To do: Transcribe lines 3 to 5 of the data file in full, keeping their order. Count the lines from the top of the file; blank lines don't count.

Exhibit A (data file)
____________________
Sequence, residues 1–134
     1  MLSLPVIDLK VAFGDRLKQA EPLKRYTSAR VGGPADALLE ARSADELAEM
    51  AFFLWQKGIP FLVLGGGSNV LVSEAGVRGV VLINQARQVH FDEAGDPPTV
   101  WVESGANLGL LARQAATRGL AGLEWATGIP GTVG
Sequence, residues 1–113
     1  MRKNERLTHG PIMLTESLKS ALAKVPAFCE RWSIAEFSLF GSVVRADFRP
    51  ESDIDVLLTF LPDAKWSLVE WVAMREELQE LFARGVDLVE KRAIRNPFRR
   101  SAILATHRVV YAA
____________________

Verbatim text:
    51  AFFLWQKGIP FLVLGGGSNV LVSEAGVRGV VLINQARQVH FDEAGDPPTV
   101  WVESGANLGL LARQAATRGL AGLEWATGIP GTVG
Sequence, residues 1–113